Filed November 30, 1943.
1. APPEAL — Assignment of Errors — Insufficiency of Evidence — Improper Assignment by Plaintiff Where Judgment For Defendant. — Where the judgment was for defendant, an assignment by plaintiff on appeal that the decision is not sustained by sufficient evidence is inappropriate. p. 12.
2. APPEAL — Assignment of Errors — Insufficiency of Evidence — Negative Verdict Improperly Attacked. — A negative verdict or decision may not be attacked upon the ground that there is a lack of evidence to support it. p. 12.
3. APPEAL — Presentation in Lower Court of Grounds of Review — Motion for New Trial — Grounds of Objection to Evidence Not Stated — Effect. — No question as to the admissibility of evidence is presented for review if the motion for new trial fails to state the grounds of objection to the evidence. p. 12.
4. APPEAL — Evidence — Sufficiency — Credibility of Witnesses to Be Determined by Trier of Facts. — The credibility of witnesses and the weight to be given oral testimony is ordinarily to be determined by the trier of facts. p. 15.
5. WITNESSES — Credibility — Determination — Factors That May Be Considered. — Among the factors that may be considered in determining the credit to be given to the testimony of a witness are the interest of the witness, if any, in the outcome of the trial, his bias and prejudice if any is shown, his opportunity for knowing and recollecting the facts about which he testified, the probability or improbability of his testimony, and his demeanor while he is on the witness stand. p. 15.
6. INSURANCE — Actions on Policies — Evidence — Total Disability Not Established — Disbelief of Plaintiff's Testimony Justified. — In an action to recover disability benefits under a life insurance policy, the court was justified in disbelieving plaintiff's testimony, where he claimed that he was totally disabled from following his usual occupation of a foundryman, but his symptoms were subjective, and there was evidence that he engaged extensively in other enterprises and took long and frequent trips by automobile, sometimes driving, and that his personal records, which might have thrown light upon the nature and extent of his activities during the period of the alleged disability, were destroyed, at his direction, within a few days of the trial. p. 16.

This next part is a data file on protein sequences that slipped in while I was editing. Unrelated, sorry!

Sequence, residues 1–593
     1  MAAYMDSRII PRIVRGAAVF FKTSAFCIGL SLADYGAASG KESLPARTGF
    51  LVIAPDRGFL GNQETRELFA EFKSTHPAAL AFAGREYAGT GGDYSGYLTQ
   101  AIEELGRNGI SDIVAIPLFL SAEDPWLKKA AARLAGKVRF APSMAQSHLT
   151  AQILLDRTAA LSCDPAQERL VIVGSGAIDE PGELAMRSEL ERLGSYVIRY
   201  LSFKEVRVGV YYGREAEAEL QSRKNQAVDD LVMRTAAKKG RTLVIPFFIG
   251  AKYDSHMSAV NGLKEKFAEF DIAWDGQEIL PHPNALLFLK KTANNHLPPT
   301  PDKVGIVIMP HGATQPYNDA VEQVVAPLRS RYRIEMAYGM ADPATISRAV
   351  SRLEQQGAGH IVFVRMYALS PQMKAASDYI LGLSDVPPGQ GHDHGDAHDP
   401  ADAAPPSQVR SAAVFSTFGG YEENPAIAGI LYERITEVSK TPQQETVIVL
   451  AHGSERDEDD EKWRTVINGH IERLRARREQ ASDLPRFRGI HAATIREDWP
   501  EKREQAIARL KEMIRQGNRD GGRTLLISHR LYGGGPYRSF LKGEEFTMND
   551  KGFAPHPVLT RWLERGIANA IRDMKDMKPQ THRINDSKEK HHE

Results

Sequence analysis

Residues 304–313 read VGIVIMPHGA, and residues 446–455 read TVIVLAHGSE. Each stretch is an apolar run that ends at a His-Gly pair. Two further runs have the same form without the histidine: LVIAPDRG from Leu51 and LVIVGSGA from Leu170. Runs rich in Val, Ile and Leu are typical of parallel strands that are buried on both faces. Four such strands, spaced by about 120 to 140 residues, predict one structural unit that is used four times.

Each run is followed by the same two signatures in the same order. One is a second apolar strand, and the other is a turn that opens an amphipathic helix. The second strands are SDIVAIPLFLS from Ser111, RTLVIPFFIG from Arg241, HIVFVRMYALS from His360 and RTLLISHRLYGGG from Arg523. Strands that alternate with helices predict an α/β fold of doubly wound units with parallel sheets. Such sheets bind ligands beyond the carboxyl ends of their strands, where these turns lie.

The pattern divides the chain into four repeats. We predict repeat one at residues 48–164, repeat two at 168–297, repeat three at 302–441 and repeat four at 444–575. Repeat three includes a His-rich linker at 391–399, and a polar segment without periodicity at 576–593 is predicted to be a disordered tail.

From the Clay Circuit Court; John W. Baumunk, Judge.
Action by Wilford H. McKee against the Mutual Life Insurance Company of New York to recover disability benefits under a life insurance policy. From a judgment for defendant, plaintiff appealed. (Transferred from the Appellate Court under § 4-218, Burns' 1933, § 1359 note, Baldwin's 1934.)
B.C. Craig, of Brazil, and John M. Fitzgerald and Beasley, O'Brien, Lewis Beasley, all of Terre Haute, for appellant.
Barnes, Hickam, Pantzer Boyd and Thomas M. Scanlon, all of Indianapolis, ( Rawley Stewart, of Brazil, of counsel), for appellee.
The appellant was the unsuccessful plaintiff in a suit to recover disability benefits under a policy of life insurance issued by the appellee. The only assigned error is on the overruling of the appellant's motion for a new trial, which asserted that the decision was not sustained by sufficient evidence; that the decision was contrary to law; and that 321 errors were committed in the admission and exclusion of evidence.